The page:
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Design Foundation I

by: Ephraim Halvorson

Design Foundation I DFN 1001

Ephraim Halvorson

GPA 3.75


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This 13 page Class Notes was uploaded by Ephraim Halvorson on Tuesday October 20, 2015. The Class Notes belongs to DFN 1001 at Southern Polytechnic State University taught by Staff in Fall. Since its upload, it has received 18 views. For similar materials see /class/225427/dfn-1001-southern-polytechnic-state-university in Design Foundation at Southern Polytechnic State University.


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Date Created: 10/20/15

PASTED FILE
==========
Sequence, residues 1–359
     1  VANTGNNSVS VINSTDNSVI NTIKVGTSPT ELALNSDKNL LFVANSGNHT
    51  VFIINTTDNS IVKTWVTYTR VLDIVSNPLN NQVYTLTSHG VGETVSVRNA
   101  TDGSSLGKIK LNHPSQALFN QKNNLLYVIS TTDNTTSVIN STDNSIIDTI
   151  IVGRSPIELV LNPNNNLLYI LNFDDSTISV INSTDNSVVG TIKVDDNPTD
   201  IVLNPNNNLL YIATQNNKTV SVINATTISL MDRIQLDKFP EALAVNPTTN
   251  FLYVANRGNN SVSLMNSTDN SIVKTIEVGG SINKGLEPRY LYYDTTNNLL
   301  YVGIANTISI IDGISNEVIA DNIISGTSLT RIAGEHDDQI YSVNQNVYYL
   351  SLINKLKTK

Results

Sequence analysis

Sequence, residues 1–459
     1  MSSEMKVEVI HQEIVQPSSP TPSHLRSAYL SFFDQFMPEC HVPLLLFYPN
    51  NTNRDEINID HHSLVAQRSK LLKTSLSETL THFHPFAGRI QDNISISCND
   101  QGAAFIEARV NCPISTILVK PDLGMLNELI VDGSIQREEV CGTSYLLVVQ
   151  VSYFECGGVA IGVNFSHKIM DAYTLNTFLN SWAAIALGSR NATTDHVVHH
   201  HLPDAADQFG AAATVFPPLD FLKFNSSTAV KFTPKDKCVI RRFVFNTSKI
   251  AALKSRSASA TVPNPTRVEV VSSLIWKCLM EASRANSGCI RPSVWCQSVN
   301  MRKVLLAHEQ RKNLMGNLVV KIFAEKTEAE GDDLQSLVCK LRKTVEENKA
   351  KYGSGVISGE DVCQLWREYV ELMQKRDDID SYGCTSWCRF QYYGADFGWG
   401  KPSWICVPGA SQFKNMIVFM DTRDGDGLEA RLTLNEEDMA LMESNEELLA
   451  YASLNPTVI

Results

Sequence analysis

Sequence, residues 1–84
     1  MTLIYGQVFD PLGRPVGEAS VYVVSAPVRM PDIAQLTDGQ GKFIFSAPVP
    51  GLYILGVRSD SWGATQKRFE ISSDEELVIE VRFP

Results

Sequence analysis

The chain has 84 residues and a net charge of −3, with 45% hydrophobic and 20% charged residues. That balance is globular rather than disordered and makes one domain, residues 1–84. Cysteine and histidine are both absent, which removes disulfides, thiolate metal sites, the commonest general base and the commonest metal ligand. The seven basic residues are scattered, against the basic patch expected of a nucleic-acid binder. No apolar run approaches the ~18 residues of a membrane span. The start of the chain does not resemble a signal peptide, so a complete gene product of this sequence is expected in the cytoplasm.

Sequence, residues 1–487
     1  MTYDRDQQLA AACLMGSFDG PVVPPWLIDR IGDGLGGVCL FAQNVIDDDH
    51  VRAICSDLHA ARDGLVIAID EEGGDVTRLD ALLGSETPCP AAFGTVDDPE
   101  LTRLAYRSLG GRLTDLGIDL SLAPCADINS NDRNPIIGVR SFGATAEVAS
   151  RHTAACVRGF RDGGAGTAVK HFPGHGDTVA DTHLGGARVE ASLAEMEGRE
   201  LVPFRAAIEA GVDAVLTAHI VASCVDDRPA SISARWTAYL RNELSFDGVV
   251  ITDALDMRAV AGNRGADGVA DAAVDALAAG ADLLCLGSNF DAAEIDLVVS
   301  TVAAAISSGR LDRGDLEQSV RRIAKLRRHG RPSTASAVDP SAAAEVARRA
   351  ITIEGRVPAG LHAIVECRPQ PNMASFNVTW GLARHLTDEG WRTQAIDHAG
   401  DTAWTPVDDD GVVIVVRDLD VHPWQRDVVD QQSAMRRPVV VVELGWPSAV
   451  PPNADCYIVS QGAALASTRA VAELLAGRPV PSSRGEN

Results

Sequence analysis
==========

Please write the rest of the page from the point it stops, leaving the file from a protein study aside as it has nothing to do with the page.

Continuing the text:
Chapter 6 Diagrams Diagram are lhnse drawings which engage in a selfconscious reductive process attempting to make clear a specific interprci tzltinn through the exclusion of that int39ornmtion which the authors deem irrelevant Yet the differences between diagrams and conventional orthographic uxunnmetn39c or perspectivat drawings are stt tle and relative making it difficult tu establish 1 cteur boundary This relativity is illustrated by a series of eighteen uxonometric drawings by PeterEisemnan of House IV the drawings indicate 1 rigorous trimstbrmatinnul process based on 4 set of ltt39ts39iontug Architecture liltl predetermined rules l39hey show a sequence that moves both from top to bottom and front left to right The top row depicts manipulations involving the frame the second planar changes the thirtl volumetric transformations s39 the drawing more from left to right the articulation of space and mass increas The quotendquot result may be Seen in the last drawing in the lower right hand corner which gives the final configurations of walls frame and volumes In this sequence of drawings is a diagram of the project found in the rst Ot39lhil39d or tifth column of drawingsquot7 How much does the information of ti project need to be reduced in order to be defined as u diutgram 7 Is there a point at which the act of elimination is too much sacrificing important aspects so that the diagram becomes misleading incorrect or incomplete In this set ofgradually changing forms each drawing to the lefl of another could be called a diagram of the other Yet even the last drawing i till di grammatic in the sense that it does not delineate many details such as window and door frames roof edges material changes etc llN final drawing could still be considered a diagram when compared to a highly refined axonometric such as the drawings of the Electra Bookstore by Stirling in Chapter 3 see Figure 3A 39l hi set of drawings dcnton rate that every d awing is an abstraction where authors make choie s of what and how to draw a line for an edge tone as a shaccd plane a scrawled pattern as texture 1539 c of these choices involve a process of elimination and reduction subduing certain aspects while highlighting others The advantage of diagrams is their ability to simplify the consideration of formal or conceptual qualities hy minimizing the elements presented Theire ence is39 analyi By isolating spec t aspects of a subject a diagram allows one to clarify other features and compare one subject Vt39llli another or the same subject seen through d Itersl The nos ll sufgraphie codification limit theinterpretive result but the similarity of graphic format allows one to easily see two or more things in an equivalent way Diagrams aim for clarity and conciseness avoiding ambiguity and focusing on one specific issue in isolation By establishing a consistent graphic filler diagrams are effective tools to compare different s39lltlai tions Discovering the common elements 3 arm by buildings spaces or cities diagrams give visual form to p aspect In t1 sense they can generalize about seemingly dispar ate thi Y39 rhetorically presenting their spectftc interpretations and conclusions rent s ecifie is39s39ttc or Rngcr Clurk nnd Michael Pause aptly demonstrate this point in Ihcir book Prt t39t39zt ItM flI39L ltill 39lll739l which was dcvelnped to compare the l39nt39lnnl properties ol39 tinted buildings In Figure 12 fifteen plan di39 Yturns cumpttrc the effects ol39 rcgulnting grids on building cumpnsitinn Collcctivtly they reveal t great vuricty nl39mnligurutinns Ihztt regulnting urirlsmuy tukci the rnle they play in the cunrdination of the designs and the common tilities of genmclrit order in buildings which Vill39y gt39ctttly in size urpnsc construction ntttl tisturi dl period It euch diagram thin regulating lines 0139 pluid triangulated shifted or rotated grids tippcttr its 1 buckground upon which the tthstrncted limtprint ut the building s plan i uperimpuscil in thicker balder lines Tltc drawings depict regularities 0139 pztnem rhythm proportion and genntctry us well as vuritttinns irreg ttluritics exceptions nnd the addition or insertion 0139 unique and nonconforming elements Thc of ce nl Riclturd Meier ztnd l nrtncrs uses diagrams to serve u series 0139 functions including lL ning and presenting They use diatgrunnnntiu sketches in the Uliicc as they design helping tn reinl39urue Ctltccl tlu dl concerns and clarit39yintv thu develop ment of the design to themselves They also use dingrums tu elucidate their t nrmul ttnd conceptual intentions In an nutside audience An exztmplc nt the latter are five diagrams Ibr their pmject lurth Ruyttl Dutch Paper Mills Headuuurters Building D iztgnims I tgun n 2 Rugs curt tml l l39nuu 39tvmpnmtttc nlnn t u published in l rt39l39t tI Hlt m UAW Ittl latmiuning Architecture l39IgttI AtL39I39tItc ltcudqnuncts Hilvrrstnn Nun M7421 Plan i it tm c IL RIL lIL d Mctct A R F ninth l up l tgttrc F l Richard McIcI amp l anttch Arch l llmt it ltplnn 74 it R Fir i2l lllll I Itet tll llllurtlllI 39rtherlaud SI Lct39cl l39ltt in HllVCI NUnL the Netherlands Figure 63 Comparing each of the drawings to tht I39irst level plan Figure 64 illustrates the ability oldiag hits to reduce intbrntation ol39somc types in order to increase clt ltl39L le39l1Pl the diagram of structure eliminates all indit lions ol39 partition wa stairs openings between Hours bathroom t39ixtut he drawing has stripped the plan to essential structural leaturcs indicating at a glance one of the ordering principles of the building In a similar rnanncrr the circulation diagram clari es the idea of two primarv perpendicular linear corridors intersected by shorter cross corridors by simplifying their actual plan shapes Bv eliminating many detzti uch as recessed doorways and tlepi ing the corridut witlt strtugh 39ttles the diagram claritt s39 the role ol the space to he a linear ennnc tor In the publicprivate diagram the linear solid wall indicated in all of thc yrams can be seen as a formal element delineating the difference between functional zones Here the drawing connects the role ot39a formal element to a conceptual ordering principle itt other w etcr As illustrations ola singular issuer ol39gcometry publicprivate structure circulation or enclosure each diagram l39orces a viewer to see a particular aspect to focus on a particular issue in a sense to see the intentions ul39a plan An author eliminates l39rom a diagram all that he or she considers extraneous to particular locus showing a concentrated interpretation lay extracting everything else in those diagram eliminating information from the plan drawing helps clnr y how this building has been ordered on a proportional system how an important long stone wall acts as a conceptual lllVlLlL lquot between public and private how structure ul llCtllktlEgt the circulation 1i p Mil t n t g39g tTt rl t JTI system and vice vet39sa how enclosure hiohlights particularly important spaces I tch of these diagrams is a wordles expla7 nation a mud nf clarification In the Museum for the Decorative Arts in Frankfurt am Main Germany Meier illustrates the formal ordering systems of the huilding through plan and elevation diagrams The five analyti iettl diagrams Figure Lil clarify the seemingly complex geometry laid out in the two plans by indicating the geometric order of the formal heginning points in sequence the set moves from tlte plan uf the existing Villa 10 the villa inscribed in a sixteen square grid to a second grid shifted parallel and perpendicular to the alignment of the river to a vettical line which relates u the site context and tinally to a new courtyard space a void equivalent in volume to the existing villa Having viewed the diagrams the plans can now he more clearly seen as organized around sixteen squares with three at the four corner squtu m defined by the gallery spar s ol39the new part and the fourth hy the existing villa The diagrams make clear that the three corner gallery spaces reiterate the original villa in both sire and placement in addition the oblique line of the skylit main circulation system can he seen as geometry derived from the alignment of the river in other words the diagrams show tnot clearly how the new construction is intended to make a conceptual linkage to the existing villa and river through the lurmal ordering systems Any drawing type whether orthographic amnometric or perspectival can 1e u ed for iagrams in an example nfa use of alt elevation for diagrammatic putpas Meier uses four drawings Figure L6 to formally link the facades of the original villa to the new building The grid that nverl39 the facade ufthe original villa does not always correspond precisely tn window npenings and patterns but thedrawing demonstrates clearly the degree of correspondence and the discrepancies Secondly the viewer is left with the image of the gridded facades of hoth old and new in effect seeing the two as tied together by a common regulating order The diagram leaves its impression highlighting the architect39s intention When an architect needs to clarify or summarize a design or some important aspect of it in a quie39 synoptic manner he or she sometimes produces a quotthumbnailquot diagram sketch By compressing a scheme into a compact ormatc as small as an inch or two a quotthumbnailquot drawing presents a simplified ltugrams Envisioning Architecture HM a Figure is Richard Malei39 amp Palmm Auhiiam Museum lor the Decorative Am Frankfurt am Main Gemini1y 197945 Plum intl plun liugiums abstracted and therefore dizngammalic Version of a design lts small size makes drawing details difficult requiring each mark to he thtiugliliully considered and significant Because of the small format each line becomes relatively large in proportion to the while space oiihe paper increasing its individual impucl and presence An example is Figure 67 394 series of sketch diagrams liy lIelmut Iahn uf Mui phyJrlhn fur the State of Diagrams Illinois Building in Chicago Illinois The illustration is ot39two small sheets drawn one week apart each only 5 byl39i inches In the series of drawings on the right Jahn indicates eight til quot rent schemes through small plans and axonon ietrics Each pair ol drawings s ows a plan and ma quickly and simply revealing through a eons L format a set ol formal and spatial possibilities He contrasts a hrtvken donutquot shape to a tower in the west or north a quotcut hloek plaLaquot to a quoteLu ved blockquot The reduction of buildings to simplified I39omts allows a comparison of type and scheme by eliminating detail and specific articulation of these shapes s cm graphic LiE El 1 n the seeontl set of drawings to the lel39t lahn uses quick cryptic graphic codes to diagram a treatment for the exterior skin and base e r 39quot 39 I Lquot t of at39ctttled base and glazed skin eliminating detail in order to concentrate attention on the idea of the curved shape resting on a heavier base Finally a diagram of the site just to the right shows the t39uutpr39uu ml the new project in the extreme upper left and indicates in solid black important buildings and their locations The drawing emphasizes patterns and locations relative to open space clarifying the relationship of new it misting mun A comparison of Arata Isaaki39s Visually strilx39in t diagram ol39 the Museum of Modern Art Gunma Japan Figure 63 to a 505 7277 l39 a h thatm hit tcf amp imam mm hillsultllt an an Uuwt ttluu Figure In HulmutJaltn it1uph 139lltnt smut llllnms uunaim 39hleauo lllulots Am mm M MM mum msi Plan and uxonrmtctrit39 amtrm tut on ptlpt l um altm x 4mquot muss Elemuunal ttttllL IllS Envixioning Arclntccturc Figure 122 Amtu it uuuy memg Museum ul Modern Art junmu JJp n 7l l39lni nhliquc i t um Art At iigmph ivy Y mu isuh Figurc v9 Arum lutnkl Muwtlm if Mm l I ltn 97 Irn Nttmntm 39uluc mmc A547 7 l MEMME photograph of the built museum Figure 69 demonstrates the capabilities of it diagram to remove elementx und unncrelize 21 indicates his interpretation ol the building as a set of cubic modular frames He has eliminated any indication nl39 exmrior skin materiality and interior spatial differentiatiuns Staii frames cast shadows on the ground de ning an nhstructe and altered view of the building The photograph depicts one view of reality while the diagram clari es a reduced hut potent other Another reality that remains purer conceptqu but clearly a force in the figural composition is the ideal of a sphere diugrammed us a circle in the elevation niThnmms Jefferson39s Library at the University of Virginia Figure 610 Though represented in the building only by k1 portion at the mol39 and completed in the drawing by arcs of carefully spaced dots lhe essence of the scheme symbolizing wholeness and perl39e lion and helping to order the geometry 0i project Having experienced the diagram viewers are predisposed t0 look for the wholeness nf the Circlesphere and the idea 01 perfection both in the design and in the built form The diagram becomes an icon nithe idea in Figure 6 I Colin Rowe and Fred Kuetter use figureground diagrtuns to make a dramatic graphic and conceptual compari son in their book ulluge City Two examples of contrasting paradigms for urbanism are presented one of Le Corhusier s pr jcct fnr Saint Die and the other of medieval Parma The striking drawings by Wayne Copper 39 quot void of space is lelt white highlight the reversal between the we designs of the proportion and configuration olipublie space to building in The clarity eithe differences is a function of greatly reduced data inl nrmatitm of height and use are climii nuted as are l39ucade treatment material transparency and entry in ad re mg the singular issue of the relationship of Diagrams N University at Vugmtn Clutrluiiewullt Virginia t l82t Eiemnnn mt on gridded pn ter 8 H Vi x39 3V4 humm imam l upen Spceiztl 39ttllcctitmi Departtticul Manuscripts Damon University nl Virginia Lihriry Figure Lin 39I lumnis Jeiietstm Rntltlitlm lU7 lamlsttttllng rk lltl t ltllL ltutttr 3 ll inn tpulvlished m tutma rut w in Liter quotUnit tal Plans ms vnu awn lllN ayne 39tmpm I tgun tgmttntl tit 7 r t mg ml Lt rmtuwr39 pltttt ltu thc m3 mm smut me ancr ml at l39ar ma nmnl plan thugmm sulid to void The selectith at what to shou building frank print hnw to show it in plan and what In leave nut height and just about everything else are critical tactical chuiccs in the debate Thectnttrast gives dramatic support and visual presence tn an ideological point of View ln a second example of urban diagrams Rob Krier cumpares tthurc 612 emphasizing ttvctnyiliour dil lcrent urban the manner in which space is de ned by huildings Although these urban squares were cnnstrttcted at times ranging from IZXl ttntil 7 and located in cities from Italy lu England the use ml the same drawing construct plan View and the same graphic technique t line drawmg wtth diagonal line hatching for tone for each allows one to sec them in an equivalent way Dark hatched tunes t39ncus uttentiun nu white voids defined by the surmunding dark What is clearly defined by the graphic technique i urban sp as a resultant void surruundcd and dclined by dense building fabric with streets leading intu the space Solid and void space and containment ligure and and exclusively Omit ground are brought out unambigunus tcd from consideratinns in these drawings are aspects such as paving patterns and materials 0139 the spaces heights and elevai tinnal treatments ul surrounding huildings functional uses of spaces and buildings izcs culnrs etc Each of the illustrated squares t39nnltl he graphicallv descride and compared in a s but it s the ability oldr wing tn exclude information and thereby to highlight specific considerations that allows these spaces to be emphasized as space and to be cumpared in shape and access Krier39s method presents an edited abstracted isinn of a series ui39 places that enables an equivalent cnmpartsun Otherwise tmperceivahle PA HAL ltv 3 F LtNl aac 17 EIHUEDEU IlIJDEtDEH exam 9 2 Ti 4 m um Wm 5 ma quot 39 WT l l EEG a r Leun Kricr graphically compares and contrasts seven European cities relating places of very different character and quality to each other Figure a H Drawn to the same scale with the same graphic technique and degree at abstraction the drawings manifest commonalities ut seale in block si e and street width pattern and size of open spaces and ol39 density ul39httilding ma 39 39 Representing different traditions and attitudes of city building they are brought together on the same sheet and compared graphically and statistically The shape an LC ol their urban spaces and the pattems and sizes of streets are shown in the common crosshatching ut39 the blocks The streets and publiv spaces are represented by voids of while while comparative statistit al data is provided below each diagram for snrl39ace area the number and length ol streets and the number of blocks t39inal distinguishing feature of the drawing is the underlying grid scaled and proportioned to walking time Each square represents one hundred meters eight 0139 which take ten minutes to cross allowing one to calculate pedestrian travel time Thus each city is compared graphically by patterns at building masse ant streets quantitatively by cumulative statist experientially by the measure of time an Walter Gropius di attuned the relationship of building height to open space in a set of highly abstracted drawings Figure 6 H in order to illustrate his ideas about the reordering ol39 high density dwelling on the hygcnie erileri of fresh air sunshine and open space His drawings promote an architec ture based on these partieultu radical and quite limiled criteria For example diagrams I plan and I section Show mu ll ngm 514 Walter nmpm huwutg mt tlt t tipmcn HI L39 lvttlt a ul atncmm height u Tum Diagrams I v I Leon Krier quotParalch ul llunmn utmcnuuus I I7x Plan diagram thtttumn39 07 Plan n setum a L1 is Illaunm m wular mum at uptuttuent blacks l tumult m m and 10 Envisioning Architecture lit that increased building height reduces the amount of land needed for the same dwelling area Alternatively t39 and LI claim to Show increased quotimprovementquot in conditions of air sun View and distance from adjacent blocks The diagrams are filled with quantitative notes on building height and site dimensions stances between buildings degrees of sun eleva tion and cryptic algebraic notations comparingsitc dimensions or sun angle increases The drawings have a particularly rational characte39 authoritative in their accurate and enmpa tive measurement but exclude many issues of mass dwelling and urban form such as human scale Orientation and access and connection to urban thoroughfar The drawing by Louis Kahn ofdowntown Philadelphia s traffic flow Figure 615 represents an entire type of diagram in which intangible factors such as movement access sound view function tlnd time are symbolized and thus given visible form Buildings and other structures sidewalks streelscape and park landscape have been omitted highlighting Kahn39s particular focus on vehicular issues Through its density of aiTows and dots the drawing gives the viewer an immediate impression of intensity of use and correspondingly the imme tance for traffic flow of specific streets I shows directions of movementi clockwise or counterclockwise around each block and eddies of ow created by the dominance of oneway streets 50 shown are areas which are effectively vehiclefree parks and blockst and those that are densely packed with side streets or alleys Every drawing can he considered diagrammatic in the sense that it involves a process of abstraction and a corresponding reduc tion of information Each graphic selects parts of the infinite visual data available interpreting reality through conventional ized or idiosyncratic fillers A plan diagram defines a plan in a particular manner an axonometric diagram removes elements and therefore adds meaning ol39a different type Diagrams offer the capability to take this degree of abstraction beyond the normal conventions of other drawing applications pushing a level of reduction for rhetorical and analytical reasons Lntrinr sically therefore diagrams critique and in their net of reduce tion increase understanding Diagrams Figure h 15 Kuhn HHI 1 39 Trunk Slmlim Csmcl39 Ily l hlldklrlphiu Pmch Mil I hlu n1 mmtu mnvumem 11 le Ink un Mluc puch 15M Jl ulles39unn The Museum ul39 Mudtm An Ne Yurk UIH nf Ihr unlmccl